The applicant complains that the refusal of his application for the return of his daughter to Finland amounted to a violation of his right to respect for his family life under Article 8 of the Convention. He claims, in particular, that in interpreting and applying basic concepts of the Hague Convention, such as “the child’s habitual residence”, “wrongful removal of the child”, “rights of custody” and “exceptions to the child’s immediate return”, the St Petersburg City Court disregarded approaches developed in international legal practice on the application of the Hague Convention and came to conclusions which contradicted the letter and the spirit of the Hague Convention.
QUESTIONS TO THE PARTIES
1. Did the judgment of the St Petersburg City Court of 3 February 2016 refusing the applicant’s request for his daughter’s return to Finland amount to an interference with the applicant’s right to respect for his family life within the meaning of Article 8 § 1 of the Convention? If so, was that interference “in accordance with the law” and “necessary” within the meaning of Article 8 § 2 of the Convention?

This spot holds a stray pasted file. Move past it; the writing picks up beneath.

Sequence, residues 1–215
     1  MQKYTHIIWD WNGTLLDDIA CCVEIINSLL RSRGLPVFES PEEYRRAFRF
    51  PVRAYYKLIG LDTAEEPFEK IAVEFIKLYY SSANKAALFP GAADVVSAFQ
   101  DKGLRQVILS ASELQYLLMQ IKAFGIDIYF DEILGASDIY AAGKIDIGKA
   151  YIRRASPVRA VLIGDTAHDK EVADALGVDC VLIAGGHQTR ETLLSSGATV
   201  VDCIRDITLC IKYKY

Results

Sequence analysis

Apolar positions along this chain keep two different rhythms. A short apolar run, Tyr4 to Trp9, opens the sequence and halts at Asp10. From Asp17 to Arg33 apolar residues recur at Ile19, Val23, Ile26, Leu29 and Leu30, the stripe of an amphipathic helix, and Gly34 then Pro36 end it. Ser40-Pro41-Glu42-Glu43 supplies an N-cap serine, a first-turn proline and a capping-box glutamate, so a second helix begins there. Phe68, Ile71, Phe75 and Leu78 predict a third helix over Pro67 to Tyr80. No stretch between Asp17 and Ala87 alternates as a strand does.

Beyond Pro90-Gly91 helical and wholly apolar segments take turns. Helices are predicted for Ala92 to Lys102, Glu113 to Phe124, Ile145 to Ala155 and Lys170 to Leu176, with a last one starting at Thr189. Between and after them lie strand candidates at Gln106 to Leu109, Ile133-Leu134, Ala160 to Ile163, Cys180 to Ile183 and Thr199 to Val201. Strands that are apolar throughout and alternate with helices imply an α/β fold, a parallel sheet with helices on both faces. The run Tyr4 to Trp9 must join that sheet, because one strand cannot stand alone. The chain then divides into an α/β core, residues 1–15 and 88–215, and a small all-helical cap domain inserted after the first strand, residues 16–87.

2. Was the St Petersburg City Court’s interpretation of the 1980 Hague Convention on the Civil Aspects of International Child Abduction consistent with the meaning of the Hague Convention, which ensues from the text itself, its Explanatory Report, and recognised common practice (see R.S. v. Poland, no. 63777/09, §§ 53-73, 21 July 2015; Carlson v. Switzerland, no. 49492/06, §73, 6 November 2008; and Monory v. Romania and Hungary, no. 71099/01, § 81, 5 April 2005)?